UEFA’s proposed Nations League looks like it will change the world of international friendlies, prompting CONCACAF to respond with their own international competition.
According to Reuters, CONCACAF is close to finalizing plans for a new “League of Nations” competition that would effectively eliminate friendlies. A total of 41 nations from North and Central America and the Caribbean have reportedly been contacted by CONCACAF president Victor Montagliani and the format could be finalized as soon as this weekend.
“There has been overwhelming acceptance that it is a great idea and the way we need to go,” Montagliani told Reuters. “There are a few formats that we have looked at and we have had various members coming back with ideas. We have a format that we have landed on and we will show it to our members first.”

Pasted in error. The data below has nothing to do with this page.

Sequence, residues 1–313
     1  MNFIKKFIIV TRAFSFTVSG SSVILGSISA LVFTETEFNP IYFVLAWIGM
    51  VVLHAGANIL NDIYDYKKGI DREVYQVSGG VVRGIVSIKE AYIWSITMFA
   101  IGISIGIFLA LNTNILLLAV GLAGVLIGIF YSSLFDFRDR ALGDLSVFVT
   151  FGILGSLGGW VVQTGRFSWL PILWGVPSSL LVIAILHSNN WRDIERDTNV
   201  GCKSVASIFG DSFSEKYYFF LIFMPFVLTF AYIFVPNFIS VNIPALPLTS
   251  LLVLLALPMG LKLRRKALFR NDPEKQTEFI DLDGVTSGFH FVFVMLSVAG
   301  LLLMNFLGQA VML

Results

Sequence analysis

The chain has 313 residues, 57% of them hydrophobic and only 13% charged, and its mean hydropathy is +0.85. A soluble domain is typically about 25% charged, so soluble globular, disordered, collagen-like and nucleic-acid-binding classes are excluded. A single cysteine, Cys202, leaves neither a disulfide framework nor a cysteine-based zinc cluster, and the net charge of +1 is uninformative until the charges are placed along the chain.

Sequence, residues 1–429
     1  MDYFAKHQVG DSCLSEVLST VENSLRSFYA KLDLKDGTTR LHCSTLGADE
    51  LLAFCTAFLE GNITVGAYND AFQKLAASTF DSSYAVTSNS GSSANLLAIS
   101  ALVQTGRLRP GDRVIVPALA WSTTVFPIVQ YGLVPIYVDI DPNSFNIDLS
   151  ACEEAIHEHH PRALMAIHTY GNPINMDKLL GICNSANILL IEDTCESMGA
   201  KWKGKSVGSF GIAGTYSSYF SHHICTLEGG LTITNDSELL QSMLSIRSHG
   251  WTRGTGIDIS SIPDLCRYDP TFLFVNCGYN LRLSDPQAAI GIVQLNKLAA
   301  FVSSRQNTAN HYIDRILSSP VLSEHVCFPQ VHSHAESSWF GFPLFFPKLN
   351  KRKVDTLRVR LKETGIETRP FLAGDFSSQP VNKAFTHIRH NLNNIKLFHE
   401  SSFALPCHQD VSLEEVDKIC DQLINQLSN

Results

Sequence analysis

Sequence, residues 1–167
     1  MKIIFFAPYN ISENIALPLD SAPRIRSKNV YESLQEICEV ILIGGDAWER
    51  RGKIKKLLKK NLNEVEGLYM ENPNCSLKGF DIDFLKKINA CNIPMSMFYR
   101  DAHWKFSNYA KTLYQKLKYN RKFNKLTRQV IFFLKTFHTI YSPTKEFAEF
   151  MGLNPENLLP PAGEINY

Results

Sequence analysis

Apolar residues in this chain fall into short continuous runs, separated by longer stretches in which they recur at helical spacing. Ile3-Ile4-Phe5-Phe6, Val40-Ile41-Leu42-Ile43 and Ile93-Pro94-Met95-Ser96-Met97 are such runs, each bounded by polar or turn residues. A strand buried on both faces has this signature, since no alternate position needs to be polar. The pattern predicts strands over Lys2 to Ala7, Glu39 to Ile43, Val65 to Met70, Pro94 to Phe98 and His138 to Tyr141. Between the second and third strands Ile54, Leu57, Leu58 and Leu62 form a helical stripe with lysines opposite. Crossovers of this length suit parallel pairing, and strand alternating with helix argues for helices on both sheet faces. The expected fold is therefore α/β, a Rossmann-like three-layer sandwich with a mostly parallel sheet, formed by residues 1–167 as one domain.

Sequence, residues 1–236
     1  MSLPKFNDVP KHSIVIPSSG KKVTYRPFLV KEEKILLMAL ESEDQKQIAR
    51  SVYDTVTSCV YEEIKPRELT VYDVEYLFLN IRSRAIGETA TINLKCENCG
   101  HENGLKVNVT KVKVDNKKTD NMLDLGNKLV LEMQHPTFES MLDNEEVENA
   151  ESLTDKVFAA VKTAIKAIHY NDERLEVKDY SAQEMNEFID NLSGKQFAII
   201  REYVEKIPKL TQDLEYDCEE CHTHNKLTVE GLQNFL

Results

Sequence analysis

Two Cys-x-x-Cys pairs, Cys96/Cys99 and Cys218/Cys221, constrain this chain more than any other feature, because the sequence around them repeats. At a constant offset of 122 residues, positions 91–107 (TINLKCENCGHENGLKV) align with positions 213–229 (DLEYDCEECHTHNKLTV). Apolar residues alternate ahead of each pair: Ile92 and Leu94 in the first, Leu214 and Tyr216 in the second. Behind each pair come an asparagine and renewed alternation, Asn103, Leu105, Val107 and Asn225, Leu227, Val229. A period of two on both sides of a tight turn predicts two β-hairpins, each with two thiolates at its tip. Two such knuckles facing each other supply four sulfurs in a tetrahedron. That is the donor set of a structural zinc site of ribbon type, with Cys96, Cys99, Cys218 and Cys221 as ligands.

Montagliani says the new competition would help some of the region’s smaller names become competitive, giving them frequent meaningful games against others within the area. Powerhouses like the U.S. Men’s National Team and Mexico would also be involved, as Montagliani says that “it is not like you’ll have a choice to opt out”.
That means the region’s elite will be unable to play friendlies against top international competition but would rather stay within the region for international matches. Given Europe’s move to their own international league, scheduling big-name friendlies would be difficult regardless without UEFA’s teams on the table.
“What people need to realize is that the world of friendlies is going to change, with Europe changing to the Nations League, it is going to get harder to get friendlies,” said Montagliani .
“The truth of the matter is that a lot of the friendlies our nations play, including the bigger nations, are a waste of time, let’s be honest, a lot of them are not quality. You are better off playing a game that actually means something (even) against an opponent, that on paper anyway, may not be as good.”
Plans for the league could be finalized as soon as Saturday at the CONCACAF Congress in Aruba.